What's the meaning of the phrase 'Keel over'?
To keel over is to fall, suddenly and in a heap.
What's the origin of the phrase 'Keel over'?
'Keel over' was originally a nautical expression. The keel is the longitudinal timber to which the rest of the boat's timbers are fixed, usually seen as a ridge along the middle of the hull. 'Keeled over' referred to ships which had capsized or were laid on their side on land, either way with their keels showing.
The phrase originated in the mid-19th century. The earliest reference I can find of it in print is in the Philadelphia Public Ledger, August 1837:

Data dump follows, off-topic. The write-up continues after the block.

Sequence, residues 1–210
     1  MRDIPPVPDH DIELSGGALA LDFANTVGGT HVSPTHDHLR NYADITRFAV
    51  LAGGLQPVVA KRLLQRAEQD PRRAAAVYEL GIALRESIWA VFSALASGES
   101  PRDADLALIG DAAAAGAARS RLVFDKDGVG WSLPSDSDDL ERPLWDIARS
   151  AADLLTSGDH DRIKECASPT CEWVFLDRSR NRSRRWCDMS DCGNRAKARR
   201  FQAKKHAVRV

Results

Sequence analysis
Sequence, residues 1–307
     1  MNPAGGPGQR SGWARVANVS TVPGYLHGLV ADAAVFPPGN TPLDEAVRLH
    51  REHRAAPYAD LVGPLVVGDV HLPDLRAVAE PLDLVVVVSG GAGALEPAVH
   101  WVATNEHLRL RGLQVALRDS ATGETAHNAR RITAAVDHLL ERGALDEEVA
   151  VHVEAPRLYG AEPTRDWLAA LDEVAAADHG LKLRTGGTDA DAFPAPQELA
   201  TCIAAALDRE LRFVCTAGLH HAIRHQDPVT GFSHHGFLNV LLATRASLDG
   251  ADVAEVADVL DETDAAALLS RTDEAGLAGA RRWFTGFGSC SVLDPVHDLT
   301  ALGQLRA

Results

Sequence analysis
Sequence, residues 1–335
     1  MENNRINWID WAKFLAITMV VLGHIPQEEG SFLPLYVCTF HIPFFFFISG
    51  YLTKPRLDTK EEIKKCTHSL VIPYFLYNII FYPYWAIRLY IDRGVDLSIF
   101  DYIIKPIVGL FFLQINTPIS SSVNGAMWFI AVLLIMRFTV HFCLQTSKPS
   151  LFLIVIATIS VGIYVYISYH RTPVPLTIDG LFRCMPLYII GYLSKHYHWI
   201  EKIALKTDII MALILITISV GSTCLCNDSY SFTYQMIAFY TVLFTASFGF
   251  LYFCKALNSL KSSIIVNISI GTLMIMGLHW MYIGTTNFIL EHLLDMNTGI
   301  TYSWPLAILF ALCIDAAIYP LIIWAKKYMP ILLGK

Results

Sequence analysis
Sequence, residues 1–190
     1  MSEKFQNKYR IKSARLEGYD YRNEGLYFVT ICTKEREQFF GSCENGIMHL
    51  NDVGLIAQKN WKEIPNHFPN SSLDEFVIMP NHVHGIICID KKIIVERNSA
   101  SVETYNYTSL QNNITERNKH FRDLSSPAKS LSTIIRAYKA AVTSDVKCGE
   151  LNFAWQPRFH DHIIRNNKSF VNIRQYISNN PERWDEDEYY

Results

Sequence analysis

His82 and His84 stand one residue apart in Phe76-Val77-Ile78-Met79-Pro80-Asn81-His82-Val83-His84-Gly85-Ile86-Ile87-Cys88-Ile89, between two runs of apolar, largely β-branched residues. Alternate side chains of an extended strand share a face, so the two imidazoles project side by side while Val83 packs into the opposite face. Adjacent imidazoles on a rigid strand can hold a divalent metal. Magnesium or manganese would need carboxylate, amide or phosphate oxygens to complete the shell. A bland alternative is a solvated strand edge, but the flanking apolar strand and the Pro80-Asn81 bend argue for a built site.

We are informed that large quantities of fish are daily pouring from the Lake into the Basins, where they "keel over" and die off in no time.
It's clear from the figurative use above that the phrase must have already been known as a direct reference to actual keels pointing into the air. However, so far, I can't find that in print.
The earliest example in print that explicitly refers to ships is from around the same time. This time from England, in the Morning Post newspaper, January 1838:
The Dreadnought's moorings gave way ahead, and she was slewed halt round by the tide, and the heavy masses of ice which came down upon her caused great alarm for the safety of those on board, she being the hospital ship. It was expected that she would get aground at low water and be keeled over.